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The Sign It Quick experts can advise you on the readability of your signage.
How large should the letters be? What color can be read easiest against what background? What angle does your sign need to be read from? What about the height of your sign? So you decide who needs to read your sign, and work with our expert team to make those decisions together.
Creating a sign is only part of the process. Your signs need to be read easily and that involves decisions like letter size, spacing, background color and lettering and graphic color. Did you know that the background color can often make the biggest impact in readability? Also, placement of your sign can be critical to whether or not your sign is easy to read. These are all important reasons why you are going to enjoy and appreciate working with the Sign it Quick team in making all these vital determinations.
I need to get custom signs printed. How do I know the sign I'm designing will be effective?
ELEMENTS OF EFFECTIVE SIGN DESIGN
Your sign’s size will determine the height of the lettering you should use. We recommend one inch of letter height per 10 feet of viewing distance.
Less is usually better. Your Sign It Quick Custom Signs Expert will help create maximum readability for your custom signs and banners. Larger, bolder letters and additional colors can add emphasis, as can attractive graphics.
The color you use in your sign should contrast well with the environment in which it will be placed. Use of eye-catching graphics is important to your sign’s overall impact, also
Letter style is crucial to legibility. Avoid using fancy script lettering – especially when signs or banners must be read from a distance.
What background and lettering colors should I use for my banners? I want people to be able to see them from a distance, but I don’t want to make their eyes go buggy. Do you have any suggestions?
I want to use a colored background for several custom signs I need to get printed. What color choices would be best for overall effect and readability?
Help! I need to print up banners and signs for a sale at my small business. The signs being placed outside the buildings should be big enough to be read at a short distance – say, about 30 feet; and the lettering on the banners needs to be big enough to read from about 200 feet away. But I don’t know how big the lettering on my banners should be. What do you recommend?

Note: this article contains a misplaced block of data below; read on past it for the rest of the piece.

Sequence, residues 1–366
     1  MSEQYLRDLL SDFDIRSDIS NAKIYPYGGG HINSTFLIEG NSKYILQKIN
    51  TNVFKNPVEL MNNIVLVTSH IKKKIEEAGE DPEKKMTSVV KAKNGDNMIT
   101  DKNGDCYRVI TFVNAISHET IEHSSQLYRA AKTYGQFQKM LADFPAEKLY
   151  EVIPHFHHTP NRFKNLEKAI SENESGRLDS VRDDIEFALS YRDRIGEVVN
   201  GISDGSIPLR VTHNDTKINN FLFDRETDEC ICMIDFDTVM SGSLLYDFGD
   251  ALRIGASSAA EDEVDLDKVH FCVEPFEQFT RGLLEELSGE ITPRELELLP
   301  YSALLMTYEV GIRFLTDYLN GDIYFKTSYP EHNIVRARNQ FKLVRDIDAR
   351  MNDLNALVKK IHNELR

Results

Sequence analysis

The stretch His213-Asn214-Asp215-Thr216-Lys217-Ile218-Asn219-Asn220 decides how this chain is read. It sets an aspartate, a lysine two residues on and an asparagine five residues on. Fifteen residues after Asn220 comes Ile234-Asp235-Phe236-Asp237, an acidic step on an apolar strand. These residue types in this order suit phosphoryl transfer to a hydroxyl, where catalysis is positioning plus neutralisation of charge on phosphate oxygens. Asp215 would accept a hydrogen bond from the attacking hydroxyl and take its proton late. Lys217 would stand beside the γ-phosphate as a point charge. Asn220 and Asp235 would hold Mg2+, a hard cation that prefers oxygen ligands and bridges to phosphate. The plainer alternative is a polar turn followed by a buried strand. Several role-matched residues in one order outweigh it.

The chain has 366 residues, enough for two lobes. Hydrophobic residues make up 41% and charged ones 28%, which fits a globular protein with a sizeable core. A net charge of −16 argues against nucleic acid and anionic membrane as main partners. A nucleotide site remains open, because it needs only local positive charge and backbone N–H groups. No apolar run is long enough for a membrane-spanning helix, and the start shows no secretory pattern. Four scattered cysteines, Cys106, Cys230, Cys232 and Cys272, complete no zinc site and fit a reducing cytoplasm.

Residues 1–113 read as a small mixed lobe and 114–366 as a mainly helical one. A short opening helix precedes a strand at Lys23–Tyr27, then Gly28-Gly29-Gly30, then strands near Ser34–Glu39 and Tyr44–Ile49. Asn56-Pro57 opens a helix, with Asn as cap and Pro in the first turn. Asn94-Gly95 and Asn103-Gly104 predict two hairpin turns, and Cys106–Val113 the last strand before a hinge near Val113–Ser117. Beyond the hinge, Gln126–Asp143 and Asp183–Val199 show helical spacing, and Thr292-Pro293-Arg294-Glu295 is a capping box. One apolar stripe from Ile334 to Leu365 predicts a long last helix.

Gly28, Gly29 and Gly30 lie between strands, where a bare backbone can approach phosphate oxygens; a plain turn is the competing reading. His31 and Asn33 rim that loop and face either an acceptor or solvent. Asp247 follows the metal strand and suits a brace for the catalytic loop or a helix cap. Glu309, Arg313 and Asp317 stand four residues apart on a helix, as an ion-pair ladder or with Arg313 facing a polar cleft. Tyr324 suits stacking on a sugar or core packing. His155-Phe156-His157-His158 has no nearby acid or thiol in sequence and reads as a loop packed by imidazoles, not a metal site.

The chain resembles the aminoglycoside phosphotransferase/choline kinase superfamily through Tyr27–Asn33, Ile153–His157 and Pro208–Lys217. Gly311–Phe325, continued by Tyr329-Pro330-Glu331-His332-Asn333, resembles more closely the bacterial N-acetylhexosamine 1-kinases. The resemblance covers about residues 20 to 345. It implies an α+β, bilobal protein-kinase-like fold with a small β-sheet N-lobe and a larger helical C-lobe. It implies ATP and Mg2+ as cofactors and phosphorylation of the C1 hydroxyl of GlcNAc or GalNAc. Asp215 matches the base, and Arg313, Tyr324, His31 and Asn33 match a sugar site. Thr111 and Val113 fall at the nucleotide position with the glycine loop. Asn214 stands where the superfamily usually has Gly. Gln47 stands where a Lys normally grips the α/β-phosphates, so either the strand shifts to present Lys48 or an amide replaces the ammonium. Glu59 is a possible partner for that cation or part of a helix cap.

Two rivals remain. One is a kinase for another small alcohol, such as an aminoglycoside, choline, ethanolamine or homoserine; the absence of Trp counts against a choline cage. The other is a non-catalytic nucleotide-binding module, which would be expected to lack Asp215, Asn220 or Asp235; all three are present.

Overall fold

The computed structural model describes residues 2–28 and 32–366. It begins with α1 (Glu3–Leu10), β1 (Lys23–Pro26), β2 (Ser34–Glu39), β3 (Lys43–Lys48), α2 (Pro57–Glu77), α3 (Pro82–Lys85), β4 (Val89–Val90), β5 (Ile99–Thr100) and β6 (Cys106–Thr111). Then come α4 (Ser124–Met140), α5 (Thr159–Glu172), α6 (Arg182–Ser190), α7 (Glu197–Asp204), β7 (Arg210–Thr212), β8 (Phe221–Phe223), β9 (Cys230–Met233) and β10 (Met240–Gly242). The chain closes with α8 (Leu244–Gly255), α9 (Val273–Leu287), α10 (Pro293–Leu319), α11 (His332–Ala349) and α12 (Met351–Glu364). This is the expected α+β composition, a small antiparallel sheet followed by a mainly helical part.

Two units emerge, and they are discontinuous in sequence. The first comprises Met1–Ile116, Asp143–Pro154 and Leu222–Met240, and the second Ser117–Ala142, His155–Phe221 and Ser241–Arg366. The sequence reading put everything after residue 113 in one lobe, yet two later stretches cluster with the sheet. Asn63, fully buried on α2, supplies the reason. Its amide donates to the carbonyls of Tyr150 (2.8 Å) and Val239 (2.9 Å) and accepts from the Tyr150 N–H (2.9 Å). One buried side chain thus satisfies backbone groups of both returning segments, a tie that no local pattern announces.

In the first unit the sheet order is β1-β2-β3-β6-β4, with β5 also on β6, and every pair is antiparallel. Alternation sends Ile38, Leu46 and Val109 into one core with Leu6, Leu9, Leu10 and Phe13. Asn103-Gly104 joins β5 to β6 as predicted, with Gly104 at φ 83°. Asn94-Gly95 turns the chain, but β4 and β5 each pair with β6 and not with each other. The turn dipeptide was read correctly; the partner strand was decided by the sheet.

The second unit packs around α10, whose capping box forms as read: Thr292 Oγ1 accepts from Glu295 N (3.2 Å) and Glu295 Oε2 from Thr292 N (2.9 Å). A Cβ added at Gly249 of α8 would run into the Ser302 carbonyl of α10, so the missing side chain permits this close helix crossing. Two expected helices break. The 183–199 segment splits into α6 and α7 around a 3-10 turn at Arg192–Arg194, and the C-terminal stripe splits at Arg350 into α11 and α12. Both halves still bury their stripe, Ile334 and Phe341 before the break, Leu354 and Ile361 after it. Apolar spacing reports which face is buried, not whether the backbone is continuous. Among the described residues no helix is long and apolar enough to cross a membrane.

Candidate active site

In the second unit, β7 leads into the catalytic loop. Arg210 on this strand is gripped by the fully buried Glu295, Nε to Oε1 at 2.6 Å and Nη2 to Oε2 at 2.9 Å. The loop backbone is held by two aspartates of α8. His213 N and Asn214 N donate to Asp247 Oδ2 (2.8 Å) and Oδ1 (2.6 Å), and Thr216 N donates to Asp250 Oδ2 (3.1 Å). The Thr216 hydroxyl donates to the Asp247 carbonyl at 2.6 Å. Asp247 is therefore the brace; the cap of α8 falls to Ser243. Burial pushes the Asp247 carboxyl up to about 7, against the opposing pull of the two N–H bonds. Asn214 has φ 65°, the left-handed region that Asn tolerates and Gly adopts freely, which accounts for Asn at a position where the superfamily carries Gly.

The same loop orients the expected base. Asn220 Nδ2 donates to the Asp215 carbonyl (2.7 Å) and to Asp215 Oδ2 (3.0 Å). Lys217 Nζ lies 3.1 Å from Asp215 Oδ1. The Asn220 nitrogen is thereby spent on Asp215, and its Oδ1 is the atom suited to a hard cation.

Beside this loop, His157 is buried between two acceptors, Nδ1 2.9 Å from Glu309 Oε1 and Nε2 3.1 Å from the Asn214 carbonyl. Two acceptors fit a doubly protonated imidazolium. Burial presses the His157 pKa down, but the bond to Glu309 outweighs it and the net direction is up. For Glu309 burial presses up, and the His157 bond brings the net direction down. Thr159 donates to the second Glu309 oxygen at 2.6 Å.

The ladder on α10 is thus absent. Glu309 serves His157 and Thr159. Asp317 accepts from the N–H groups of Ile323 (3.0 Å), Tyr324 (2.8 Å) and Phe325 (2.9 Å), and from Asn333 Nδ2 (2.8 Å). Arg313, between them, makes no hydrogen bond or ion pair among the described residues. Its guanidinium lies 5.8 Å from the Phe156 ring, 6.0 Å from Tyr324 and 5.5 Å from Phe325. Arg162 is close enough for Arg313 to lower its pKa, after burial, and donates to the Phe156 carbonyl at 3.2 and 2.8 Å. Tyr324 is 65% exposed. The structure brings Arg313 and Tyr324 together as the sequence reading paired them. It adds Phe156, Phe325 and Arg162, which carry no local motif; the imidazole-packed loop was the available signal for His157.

Here’s a quick tip to figure out how big your lettering can be. Determine how wide your signs (and banners) will be (measuring from left to right). Count up the number of letters and spaces on each line of wording, beings sure to leave one space at the beginning and end of the line. Divide the length of the sign by the total number of letters and spaces to determine how large the letters can be. So, say your sign is 42 inches across and it needs to read “Registration” on one line, with an arrow beneath it pointing to the registration building. Allowing for a space on either side of the word, that gives you 14 characters; divide 42 by 14 and you realize you can use three-inch lettering, depending on the letter style.
As for signage readability, the chart below lists various letter heights, along with distance for optimal reading, as well as maximum readability distance.
I love the way script writing looks… but I’m concerned that people might not be able to read my sign from a distance. What style lettering is best for my sign?
Take a look at the various font styles below before deciding on the lettering for your sign.
Serif fonts project a more sophisticated upscale image. They also make it easier to read large bodies of text.
Sans Serif fonts project a strong durable image. They also effectively communicate quick bursts of information.
Script fonts project an elegant image. Unfortunately they are often characterized by poor legibility. They should only be used for short viewing distances and only in combinations of upper and lower case letters.
Display fonts project distinctive images for special situations. Legibility is also a concern especially over greater viewing distances.